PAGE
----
Teaching Multicultural Texts At The Secondary Level

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School of Education Student Capstone Projects School of Education

Summer 2019

Teaching Multicultural Texts At The Secondary


Benjamin Tully

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Recommended Citation

Tully, Benjamin, "Teaching Multicultural Texts At The Secondary Level" (2019). School of Education Student Capstone Projects. 349.



Benjamin Tully

A capstone project submitted in partial fulfillment of the requirements for the degree of Masters of Arts in Teaching.

Hamline University Saint Paul, Minnesota

August 2019

Capstone Project Facilitator(s): Melissa Erickson Content Expert: Dr. Jennifer McCarty Plucker



As a teacher I have found it difficult to identify a single comprehensive resource that provides free access to the necessary components to create a multicultural English unit from the ground up. Thus, for this project I built a website for teachers that answers the following research question: ​What are the best practices for selecting and teaching

multicultural literature in secondary schools in order to represent and build empathy for students from traditionally marginalized populations?

The project was created for use by all secondary English teachers throughout the United States who are interested in adding or refining a multicultural literature unit. Administrators, department chairs, literacy coordinators, etc. might also find the project to be a helpful resource that they can share if they are pushing for their English

departments to adopt more multicultural literature.

A website was chosen to present this material because the platform is dynamic. A dynamic website was important because new books are constantly being published -- a static resource would quickly grow outdated. Likewise, it will be easier to incorporate new research that supports the inclusion of multicultural literature, or add additional best practice for teaching multicultural texts as they become realized. Additionally, the organization of the website, with various tabs across the top, allows for educators to directly access the specific content they are most interested in. For those just beginning the process of building a multicultural literature unit, the sequence of the various tabs walks teachers in order through the process of developing a multicultural literature unit.


The project is located at the following web address: www.teachingmulticulturaltexts.com

The first section of the website features the ​Justification​ for teaching multicultural literature. While teachers have the autonomy to make many decisions within their classroom, choosing and purchasing class and unit texts is a process that requires approval from multiple parties within a school and district. Thus, this section provides teachers with research-backed talking points to use for informing department chairs, school administrators, parents/guardians, and district decision makers alike of the importance of including multicultural literature into the curriculum. The page is broken down into three areas: Representation Matters, Building Empathy, and Versatility.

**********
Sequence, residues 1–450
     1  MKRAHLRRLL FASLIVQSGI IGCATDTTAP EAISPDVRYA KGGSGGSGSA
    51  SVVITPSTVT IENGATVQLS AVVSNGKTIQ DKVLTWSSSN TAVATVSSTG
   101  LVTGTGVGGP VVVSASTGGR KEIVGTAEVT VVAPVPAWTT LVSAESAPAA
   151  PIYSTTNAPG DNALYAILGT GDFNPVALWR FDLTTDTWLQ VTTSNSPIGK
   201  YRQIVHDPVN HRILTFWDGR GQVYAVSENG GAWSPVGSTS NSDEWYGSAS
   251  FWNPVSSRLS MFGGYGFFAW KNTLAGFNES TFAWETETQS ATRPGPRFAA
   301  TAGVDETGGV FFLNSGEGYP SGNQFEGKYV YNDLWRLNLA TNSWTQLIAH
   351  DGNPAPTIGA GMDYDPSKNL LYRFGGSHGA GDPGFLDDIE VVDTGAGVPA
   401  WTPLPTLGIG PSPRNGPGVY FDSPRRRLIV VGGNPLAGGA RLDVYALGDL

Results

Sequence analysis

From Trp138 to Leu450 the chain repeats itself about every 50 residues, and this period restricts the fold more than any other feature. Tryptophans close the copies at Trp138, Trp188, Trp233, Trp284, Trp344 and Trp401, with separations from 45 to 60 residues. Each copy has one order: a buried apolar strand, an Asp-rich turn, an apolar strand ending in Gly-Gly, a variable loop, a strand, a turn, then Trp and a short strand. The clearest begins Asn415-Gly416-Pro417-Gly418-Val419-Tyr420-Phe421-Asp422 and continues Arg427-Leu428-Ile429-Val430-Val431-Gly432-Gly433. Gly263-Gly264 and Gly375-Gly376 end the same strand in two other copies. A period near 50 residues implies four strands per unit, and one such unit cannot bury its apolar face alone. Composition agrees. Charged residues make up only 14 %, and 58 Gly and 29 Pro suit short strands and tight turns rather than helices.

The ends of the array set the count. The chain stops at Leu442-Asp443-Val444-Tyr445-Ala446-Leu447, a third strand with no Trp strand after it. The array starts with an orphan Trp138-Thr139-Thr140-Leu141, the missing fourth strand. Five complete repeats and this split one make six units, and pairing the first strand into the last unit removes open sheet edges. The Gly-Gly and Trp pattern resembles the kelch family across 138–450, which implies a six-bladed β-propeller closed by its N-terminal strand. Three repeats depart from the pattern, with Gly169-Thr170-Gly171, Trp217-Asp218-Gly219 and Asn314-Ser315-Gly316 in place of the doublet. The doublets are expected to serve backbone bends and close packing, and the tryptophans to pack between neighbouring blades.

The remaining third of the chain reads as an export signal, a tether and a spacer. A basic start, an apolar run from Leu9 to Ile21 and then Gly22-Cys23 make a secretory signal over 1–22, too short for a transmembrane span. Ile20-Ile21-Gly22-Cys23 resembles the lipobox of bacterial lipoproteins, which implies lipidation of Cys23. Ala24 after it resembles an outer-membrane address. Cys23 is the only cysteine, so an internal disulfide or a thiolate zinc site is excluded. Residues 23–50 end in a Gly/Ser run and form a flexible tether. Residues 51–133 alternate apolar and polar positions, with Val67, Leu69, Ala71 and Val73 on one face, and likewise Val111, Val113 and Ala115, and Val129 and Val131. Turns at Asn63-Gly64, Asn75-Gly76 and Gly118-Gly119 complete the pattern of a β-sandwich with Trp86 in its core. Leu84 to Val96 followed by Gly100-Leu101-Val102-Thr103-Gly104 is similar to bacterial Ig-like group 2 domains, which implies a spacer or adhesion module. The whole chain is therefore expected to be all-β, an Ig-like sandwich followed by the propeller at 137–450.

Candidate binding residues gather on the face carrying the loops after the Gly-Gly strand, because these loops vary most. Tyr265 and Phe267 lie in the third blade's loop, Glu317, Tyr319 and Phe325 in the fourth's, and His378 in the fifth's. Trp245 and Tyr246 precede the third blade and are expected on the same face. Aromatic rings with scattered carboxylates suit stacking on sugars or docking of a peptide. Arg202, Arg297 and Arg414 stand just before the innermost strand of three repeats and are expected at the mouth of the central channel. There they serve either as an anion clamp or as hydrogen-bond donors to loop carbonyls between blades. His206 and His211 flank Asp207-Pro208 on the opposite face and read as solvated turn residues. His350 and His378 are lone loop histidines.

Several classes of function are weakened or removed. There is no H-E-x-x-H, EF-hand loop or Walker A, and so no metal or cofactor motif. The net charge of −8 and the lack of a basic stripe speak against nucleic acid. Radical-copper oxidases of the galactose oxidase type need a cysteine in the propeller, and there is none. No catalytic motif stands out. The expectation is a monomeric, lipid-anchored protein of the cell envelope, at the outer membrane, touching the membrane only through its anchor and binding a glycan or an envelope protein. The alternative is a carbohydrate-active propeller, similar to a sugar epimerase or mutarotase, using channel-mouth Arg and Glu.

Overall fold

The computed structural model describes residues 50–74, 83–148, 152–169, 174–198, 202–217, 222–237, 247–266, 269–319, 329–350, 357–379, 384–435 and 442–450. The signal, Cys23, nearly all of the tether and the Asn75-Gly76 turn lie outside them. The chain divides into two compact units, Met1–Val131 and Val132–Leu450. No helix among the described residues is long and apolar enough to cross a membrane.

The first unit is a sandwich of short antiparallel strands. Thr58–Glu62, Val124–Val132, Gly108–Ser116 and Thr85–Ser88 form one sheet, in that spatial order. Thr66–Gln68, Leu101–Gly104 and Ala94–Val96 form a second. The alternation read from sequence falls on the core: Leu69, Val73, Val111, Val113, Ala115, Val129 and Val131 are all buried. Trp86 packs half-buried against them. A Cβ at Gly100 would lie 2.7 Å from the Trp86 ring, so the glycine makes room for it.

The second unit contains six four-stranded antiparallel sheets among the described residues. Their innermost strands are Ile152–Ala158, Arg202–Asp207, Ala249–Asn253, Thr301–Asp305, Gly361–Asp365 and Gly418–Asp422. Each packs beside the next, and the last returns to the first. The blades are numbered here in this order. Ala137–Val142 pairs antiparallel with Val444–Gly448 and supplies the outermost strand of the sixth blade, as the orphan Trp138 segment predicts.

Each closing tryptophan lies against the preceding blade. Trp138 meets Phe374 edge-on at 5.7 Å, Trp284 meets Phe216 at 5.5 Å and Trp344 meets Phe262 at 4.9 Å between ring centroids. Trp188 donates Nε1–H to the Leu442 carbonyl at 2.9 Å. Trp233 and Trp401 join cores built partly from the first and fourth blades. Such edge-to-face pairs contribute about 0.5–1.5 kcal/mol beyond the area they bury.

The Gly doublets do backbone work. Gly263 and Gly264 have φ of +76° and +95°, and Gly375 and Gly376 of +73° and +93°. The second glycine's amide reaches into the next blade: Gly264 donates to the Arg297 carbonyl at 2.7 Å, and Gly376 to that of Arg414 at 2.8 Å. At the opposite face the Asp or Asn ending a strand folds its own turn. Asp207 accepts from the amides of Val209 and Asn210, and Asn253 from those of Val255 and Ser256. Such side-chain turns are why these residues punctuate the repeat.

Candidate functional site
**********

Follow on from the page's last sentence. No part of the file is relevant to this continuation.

Representation Matters opens by addressing how changing demographics with the United States, coupled with the lack of curricular changes, impact students. Building Empathy addresses how multicultural literature can be used to build empathy in students, as well as the effect of such increased skills. Lastly, Versatility explains how teaching multicultural literature can come in many forms to fit the needs of various classrooms.

The second section of the website, ​Selecting Texts​, is broken down into four areas to aid educators in deciding on multicultural titles for their curriculum. It begins with Considerations that should be kept in mind throughout the selection process, such as a text’s Lexile score, the effectiveness of first person narration, etc. Secondly, a list of Criteria is provided for teachers to use when evaluating books to ensure they are authentic and appropriate. Next is a Preliminary Book List comprised of 100 titles that exclusively feature protagonists from marginalized communities (race, gender, sexual


orientation, socio-economic status, etc.). Lastly, External Book Lists shares a series of links to other multicultural book resources such as the Coretta Scott King Book Awards. These links allow users of the site to search for new literature outside of the Preliminary Book List.

The third section provides teachers with​ Best Practices​ for teaching multicultural literature. This section shares eight different tips for teachers to incorporate into their instruction of multicultural texts. The practices range from unit-wide reminders such as not tokenizing a student from a marginalized identity to serve as a spokesperson on behalf of the entire group, to specific ideas for an assignment such as creatively writing as a character from the text. Each of the practices not only includes an explanation and rationale, but also an example for educators to follow.

The final ​Resource​ section of the website provides teachers with a sample unit, justification for the decisions made throughout the sample unit, and links to multicultural book grants. The sample unit provides guiding/essential questions, front

loading/pre-reading resources, guided reading/journal questions, as well as larger weekly

assignments to accompany the text, ​How It Went Down​ (Magoon, 2014). Next, the

sample unit is broken down to explain the decisions made in conjunction with the supporting research and best practices. Lastly, the section includes links to a series of grants for multicultural literature that teachers could apply for when looking to purchase multicultural texts for their classrooms should their school/district be unable to provide the necessary financial resources.



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